Shellac development

Roy G

Roy
Senior User
Ran into a situation the other day that really surprised me. I was in my barn/shop and noticed a stain on the floor under the shelf where I keep my stains and such. I looked at the bottom shelf and saw the source of the floor stain inasmuch as the can of shellac was glued to the shelf. After I pried the can off the shelf I inspected it and found indications of it leaking out of the vertical seam about 1" above the bottom of the can. We haven't had any really cold weather this year and does shellac freeze, anyway? I use the shellac to finish off the inside of drawers and cabinets so it is probably a couple of years old. But now I need to get a new can and figure how to store it.

Roy G
 

Graywolf

Richard
Corporate Member
Roy I had quart can of shellac do that to me a couple years ago. The can was defective or the alcohol was more than the can could take. Mine was a temperature controlled space. Reckon that how it goes sometimes.
 

llucas

luke
Senior User
Yep, I have 2 cans of Zinsser SealCoat do that in the past 2 years...made quite a mess. It was stored in a temp. controlled environment. I do believe there was another thread that addressed this same problem not long ago.
 

Pop Golden

Pop
Corporate Member
Roy, Since I have gone to 2 basic finishes I store those in a new (last year) product Woodcraft carries. Note: don't know if Klingspore has these. I really like this gadget it seals tight, non-drip pores, & allows you to mix (from bottom) without opening the can. It's a little expensive, but it should last several years.
162528.2.jpg


Pop :cool:
 

llucas

luke
Senior User
I just called Zinsser customer service, thinking this may be a problem reported to them...they denied knowing anything about it.
The rep told me to send a copy of the receipt, a picture of the can and lot # and pic of the mess. Of course I had none of these.

Roy if your can was a Zinsser product you may want to call them at (877) 385-8155 and let them know...maybe you can get a replacement if you have some documentation...in any case maybe another report will stimulate a review of packaging on their part.
 

llucas

luke
Senior User
Maybe this problem is something any woodworker with any experience would be aware of...maybe. If that is the case, I will use this as yet another educational event. But just to close the loop with Zinsser, I sent them the following "report" for their evaluation and comment.

Have had 2 cans of Zinsser SealCoat in past 2 years leak out the bottom of the can. Nearly the entire contents leaked out on cabinet shelving.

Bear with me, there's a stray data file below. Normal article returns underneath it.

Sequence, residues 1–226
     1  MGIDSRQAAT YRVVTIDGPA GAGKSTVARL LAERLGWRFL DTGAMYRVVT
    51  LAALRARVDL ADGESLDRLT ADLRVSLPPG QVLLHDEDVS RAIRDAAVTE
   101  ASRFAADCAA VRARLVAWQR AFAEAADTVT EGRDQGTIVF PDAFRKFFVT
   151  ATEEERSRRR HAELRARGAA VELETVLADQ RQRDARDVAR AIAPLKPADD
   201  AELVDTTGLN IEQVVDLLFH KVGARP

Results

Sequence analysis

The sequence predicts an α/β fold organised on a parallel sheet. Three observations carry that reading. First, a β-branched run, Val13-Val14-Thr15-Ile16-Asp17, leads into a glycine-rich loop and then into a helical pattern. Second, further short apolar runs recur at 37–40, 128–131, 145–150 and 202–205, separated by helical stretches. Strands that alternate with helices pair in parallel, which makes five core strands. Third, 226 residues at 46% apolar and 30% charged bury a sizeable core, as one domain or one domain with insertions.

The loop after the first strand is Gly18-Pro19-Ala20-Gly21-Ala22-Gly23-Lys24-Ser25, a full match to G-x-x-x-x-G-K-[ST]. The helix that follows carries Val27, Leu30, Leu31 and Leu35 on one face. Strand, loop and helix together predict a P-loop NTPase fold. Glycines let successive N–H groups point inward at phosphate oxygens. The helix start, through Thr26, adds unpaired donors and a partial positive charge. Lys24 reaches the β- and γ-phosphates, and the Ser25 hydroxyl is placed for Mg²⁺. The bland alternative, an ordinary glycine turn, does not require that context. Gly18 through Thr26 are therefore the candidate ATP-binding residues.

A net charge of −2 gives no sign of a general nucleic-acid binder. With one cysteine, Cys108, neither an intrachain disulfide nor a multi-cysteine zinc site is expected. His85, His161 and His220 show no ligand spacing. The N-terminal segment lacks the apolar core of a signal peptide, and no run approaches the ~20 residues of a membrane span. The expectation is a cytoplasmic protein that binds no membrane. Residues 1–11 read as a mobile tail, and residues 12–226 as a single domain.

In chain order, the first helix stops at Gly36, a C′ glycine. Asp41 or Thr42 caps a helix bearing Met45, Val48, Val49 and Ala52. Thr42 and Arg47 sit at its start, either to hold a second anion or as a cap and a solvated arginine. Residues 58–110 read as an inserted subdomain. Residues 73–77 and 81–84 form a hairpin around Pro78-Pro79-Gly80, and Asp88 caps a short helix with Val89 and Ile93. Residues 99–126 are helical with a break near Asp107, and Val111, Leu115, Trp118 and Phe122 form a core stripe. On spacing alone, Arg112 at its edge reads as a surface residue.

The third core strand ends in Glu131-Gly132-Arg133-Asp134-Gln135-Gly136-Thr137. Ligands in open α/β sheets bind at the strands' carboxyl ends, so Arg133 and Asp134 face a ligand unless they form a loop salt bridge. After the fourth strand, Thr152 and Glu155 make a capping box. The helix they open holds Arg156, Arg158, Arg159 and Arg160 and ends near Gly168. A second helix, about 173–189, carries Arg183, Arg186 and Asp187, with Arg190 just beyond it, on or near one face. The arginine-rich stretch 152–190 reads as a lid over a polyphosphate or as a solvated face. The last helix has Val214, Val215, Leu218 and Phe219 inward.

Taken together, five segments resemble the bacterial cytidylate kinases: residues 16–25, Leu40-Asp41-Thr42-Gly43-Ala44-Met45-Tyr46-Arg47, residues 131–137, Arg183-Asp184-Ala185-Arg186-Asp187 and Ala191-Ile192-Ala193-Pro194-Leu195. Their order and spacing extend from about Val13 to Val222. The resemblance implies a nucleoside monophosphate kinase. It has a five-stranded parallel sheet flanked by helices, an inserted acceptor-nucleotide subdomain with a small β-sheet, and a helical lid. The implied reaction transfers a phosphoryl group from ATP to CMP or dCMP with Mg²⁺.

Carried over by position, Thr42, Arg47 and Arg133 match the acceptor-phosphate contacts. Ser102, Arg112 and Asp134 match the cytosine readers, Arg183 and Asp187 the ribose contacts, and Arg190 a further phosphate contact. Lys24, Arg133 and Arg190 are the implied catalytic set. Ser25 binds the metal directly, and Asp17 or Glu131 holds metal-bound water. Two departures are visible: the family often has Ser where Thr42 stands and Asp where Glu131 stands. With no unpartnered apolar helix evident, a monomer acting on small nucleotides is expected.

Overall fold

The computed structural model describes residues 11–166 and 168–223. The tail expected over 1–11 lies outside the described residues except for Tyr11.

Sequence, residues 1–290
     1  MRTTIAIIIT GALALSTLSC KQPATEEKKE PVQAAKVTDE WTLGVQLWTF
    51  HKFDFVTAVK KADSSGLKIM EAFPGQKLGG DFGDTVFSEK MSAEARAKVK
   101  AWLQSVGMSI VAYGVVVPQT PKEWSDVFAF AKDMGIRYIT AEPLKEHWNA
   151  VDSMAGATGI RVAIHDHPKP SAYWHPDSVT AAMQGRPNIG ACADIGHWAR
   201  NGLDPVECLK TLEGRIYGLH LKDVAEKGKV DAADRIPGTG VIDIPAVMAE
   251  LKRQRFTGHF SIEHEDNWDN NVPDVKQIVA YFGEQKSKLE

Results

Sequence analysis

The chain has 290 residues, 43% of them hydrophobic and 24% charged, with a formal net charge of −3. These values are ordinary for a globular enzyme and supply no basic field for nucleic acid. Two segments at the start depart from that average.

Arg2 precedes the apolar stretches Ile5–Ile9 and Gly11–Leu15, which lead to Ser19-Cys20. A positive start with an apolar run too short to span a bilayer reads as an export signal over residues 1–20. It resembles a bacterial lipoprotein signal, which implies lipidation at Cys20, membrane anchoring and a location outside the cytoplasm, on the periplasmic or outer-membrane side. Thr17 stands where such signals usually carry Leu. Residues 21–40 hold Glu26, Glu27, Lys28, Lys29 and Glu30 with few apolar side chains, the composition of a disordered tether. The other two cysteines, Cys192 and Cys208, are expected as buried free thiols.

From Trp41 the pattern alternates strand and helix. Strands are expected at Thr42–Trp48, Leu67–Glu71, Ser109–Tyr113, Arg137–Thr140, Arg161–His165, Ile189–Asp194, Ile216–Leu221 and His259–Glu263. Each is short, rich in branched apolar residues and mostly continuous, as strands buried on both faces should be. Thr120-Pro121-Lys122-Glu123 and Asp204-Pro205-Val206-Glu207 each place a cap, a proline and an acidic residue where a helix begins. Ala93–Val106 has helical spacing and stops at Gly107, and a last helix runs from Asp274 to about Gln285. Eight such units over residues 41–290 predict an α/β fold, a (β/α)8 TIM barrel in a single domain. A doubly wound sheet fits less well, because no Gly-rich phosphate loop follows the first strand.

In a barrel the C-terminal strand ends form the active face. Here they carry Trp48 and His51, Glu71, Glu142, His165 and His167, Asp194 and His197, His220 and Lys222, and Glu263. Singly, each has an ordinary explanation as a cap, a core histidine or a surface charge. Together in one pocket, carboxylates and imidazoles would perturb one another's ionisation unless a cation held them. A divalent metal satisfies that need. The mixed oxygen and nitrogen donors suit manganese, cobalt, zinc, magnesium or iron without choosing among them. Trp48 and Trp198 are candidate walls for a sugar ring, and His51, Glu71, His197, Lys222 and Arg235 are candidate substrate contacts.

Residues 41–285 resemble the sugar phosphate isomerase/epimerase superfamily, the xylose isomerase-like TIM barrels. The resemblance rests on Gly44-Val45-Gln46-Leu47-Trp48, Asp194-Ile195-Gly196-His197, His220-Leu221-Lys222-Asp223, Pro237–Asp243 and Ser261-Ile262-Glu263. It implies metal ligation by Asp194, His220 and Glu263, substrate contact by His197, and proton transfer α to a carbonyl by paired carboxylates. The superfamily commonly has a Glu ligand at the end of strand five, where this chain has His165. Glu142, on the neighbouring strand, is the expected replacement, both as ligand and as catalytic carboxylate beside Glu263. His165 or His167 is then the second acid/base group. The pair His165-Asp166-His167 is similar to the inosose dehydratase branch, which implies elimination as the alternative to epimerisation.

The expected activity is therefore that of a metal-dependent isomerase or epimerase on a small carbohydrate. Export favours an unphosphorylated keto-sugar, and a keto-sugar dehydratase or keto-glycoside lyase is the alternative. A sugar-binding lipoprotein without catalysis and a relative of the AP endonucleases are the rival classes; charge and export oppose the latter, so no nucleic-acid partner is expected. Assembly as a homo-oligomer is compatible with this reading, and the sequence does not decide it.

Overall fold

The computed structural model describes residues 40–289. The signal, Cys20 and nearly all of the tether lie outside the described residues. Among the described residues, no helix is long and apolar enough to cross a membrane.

I called today and spoke to a rep who said this has not previously been reported to Zinsser.
I have reason to doubt the veracity of that statement.
This problem has come up before on a discussion forum I use.
In addition a very cursory on-line search reveals MULTIPLE reports of this issue. Here is one example that points to the chronic nature of this problem and the apparent lack of attention Zinsser has given to the problem.
Has anyone else had this happen? [Archive] - Sawmill Creek Woodworking Community
I would have appreciated a more honest and complete response to my complaint earlier today. I do not have files of project.
What say ye?


Waiting for the gears to turn.
 

McRabbet

Rob
Corporate Member
Pre-mixed shellac is certainly convenient, but like almost any finish, it will deteriorate in 12-15 months. A better option is to mix DNA with dry shellac flakes in glass Mason jars (I recommend www.shellac.net) in the strength, quantity and color you need for a project and discard small leftovers.
 

Bill Clemmons

Bill
Corporate Member
I've had that problem w/ several cans of Zinsser over the years. Now when I buy shellac by the gallon I immediately transfer it into quart jars for storage. No more problems.
 

Oka

Oka
Corporate Member
What Bill Said ....... If I am going to keep Shellac or some other types of coatings in storage for a protracted amount of time, I always transfer them to a different vessel . I have been using the Thermo-plastic type. These are the plastics that do not break, like the plastic gas cans are made from.
The issue with the metal cans is the seams rarely get a complete coating, not sure if this is caused because the crimping process or solder process leave raw metal (what I suspect) or if they stretch the metal too thin.

Either way, the solvents in the material react over time and the can fails. We have a lot of problems with the Bygol coating, they are really corrosive to the cans and only last maybe 6 months,
 

Roy G

Roy
Senior User
Looks like misery loves company. It was interesting that all the other cans on the shelf had the shellac totally under the cans, but the shellac can only had the shellac around the circumference. The next time I will definitely put the shellac in a glass or other suitable non-rusting container. Thanks for the responses.

Roy G
 

Graywolf

Richard
Corporate Member
Pre-mixed shellac is certainly convenient, but like almost any finish, it will deteriorate in 12-15 months. A better option is to mix DNA with dry shellac flakes in glass Mason jars (I recommend www.shellac.net) in the strength, quantity and color you need for a project and discard small leftovers.
A little something I have switched to doing over the past couple of years, I like it.
 

ScottM

Scott
Staff member
Corporate Member
Another victim of a leaking shellac can in the temperature controlled shop. It was on a metal grid wire type shelf and no real damage to items below. Just messy and time consuming to clean up. To be fair the can was at least 4-5 years old and 3/4 empty. Like many things in the shop shellac does have a "shelf life" especially after open. No pun intended. Some times it costs less to throw out "stuff" then to keep it until it is used up.
 

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